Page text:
The speeds of the aforementioned plurality of speeds can include a predetermined maximum acceptable speed; the influencing means can comprise means for introducing into the conduit a gaseous fluid (such as air) which is effective to reduce the speed of articles when the monitored speed reaches or exceeds the maximum acceptable speed. Such introducing means can include at least one valve which is arranged to admit into the conduit a gaseous fluid which flows in a direction from the article-discharging end toward the articles-receiving end of the conduit.
The conduit can be configurated in such a way that it defines an elongated path including an arcuate portion which is adjacent the article-discharging end. The monitoring means and/or the influencing means can be disposed at such arcuate portion of the elongated path. The arrangement can be such that the monitoring and/or the influencing means (or at least a portion of the influencing means) is located upstream of the arcuate portion as seen in the direction of conveying articles from the article-receiving end toward the article-discharging end of the conduit.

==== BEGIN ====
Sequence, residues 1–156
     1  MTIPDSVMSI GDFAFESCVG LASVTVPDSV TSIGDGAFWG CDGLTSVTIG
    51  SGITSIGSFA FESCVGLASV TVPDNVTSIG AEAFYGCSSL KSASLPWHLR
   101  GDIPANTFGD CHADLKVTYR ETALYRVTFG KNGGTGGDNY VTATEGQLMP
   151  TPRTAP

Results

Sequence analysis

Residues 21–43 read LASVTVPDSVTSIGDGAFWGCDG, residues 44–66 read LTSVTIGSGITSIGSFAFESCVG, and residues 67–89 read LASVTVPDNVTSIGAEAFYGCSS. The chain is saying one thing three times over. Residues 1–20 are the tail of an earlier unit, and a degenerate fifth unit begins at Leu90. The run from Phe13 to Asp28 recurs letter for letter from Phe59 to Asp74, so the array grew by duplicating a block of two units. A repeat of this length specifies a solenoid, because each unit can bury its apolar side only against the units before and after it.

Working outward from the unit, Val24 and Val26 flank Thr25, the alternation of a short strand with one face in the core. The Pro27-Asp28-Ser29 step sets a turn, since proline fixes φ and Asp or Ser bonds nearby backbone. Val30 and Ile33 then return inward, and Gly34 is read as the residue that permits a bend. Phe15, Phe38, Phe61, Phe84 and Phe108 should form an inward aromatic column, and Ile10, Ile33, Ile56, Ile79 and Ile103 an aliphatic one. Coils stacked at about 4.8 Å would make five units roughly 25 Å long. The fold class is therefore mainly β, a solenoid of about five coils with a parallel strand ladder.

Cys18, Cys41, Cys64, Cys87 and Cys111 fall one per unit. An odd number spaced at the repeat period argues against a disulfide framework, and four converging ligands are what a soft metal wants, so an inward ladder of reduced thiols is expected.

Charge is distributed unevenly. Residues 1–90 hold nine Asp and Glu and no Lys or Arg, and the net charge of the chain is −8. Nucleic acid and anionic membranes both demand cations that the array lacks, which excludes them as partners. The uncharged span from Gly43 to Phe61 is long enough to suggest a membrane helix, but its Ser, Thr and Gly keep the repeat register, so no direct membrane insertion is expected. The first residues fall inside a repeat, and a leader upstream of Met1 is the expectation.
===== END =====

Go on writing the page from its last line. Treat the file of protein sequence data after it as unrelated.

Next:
The apparatus can further comprise means for braking successive articles of the file at the receiver; for example, such braking means can comprise article-engaging rollers which are located ahead of the receiver, as seen in the direction of conveying articles from the sender to the receiver. Such apparatus can further comprise means (e.g., in the form of a pair of driven wheels or the like) for accelerating successive braked articles to a predetermined speed ahead of the accepting means, e.g., to a speed which is best suited to introduce successive articles into the range of a conveyor forming part of the accepting means and serving to advance articles in a suitable array (e.g., in the form of a layer of parallel articles which move sideways) into a magazine or to another destination. The monitoring and the influencing means are located ahead of the braking and accelerating means, as seen in the direction of conveying the articles of the file from the sender to the receiver.
The novel features which are considered as characteristic of the invention are set forth in particular in the appended claims. The improved pneumatic conveying apparatus itself, however, both as to its construction and the mode of assembling and manipulating the same, together with additional important features and advantages thereof, will be best understood upon perusal of the following detailed description of certain presently preferred specific embodiments with reference to the accompanying drawings.
FIG. 1 is a schematic elevational view of an apparatus which connects one of three neighboring senders of rod-shaped articles with the corresponding receiver;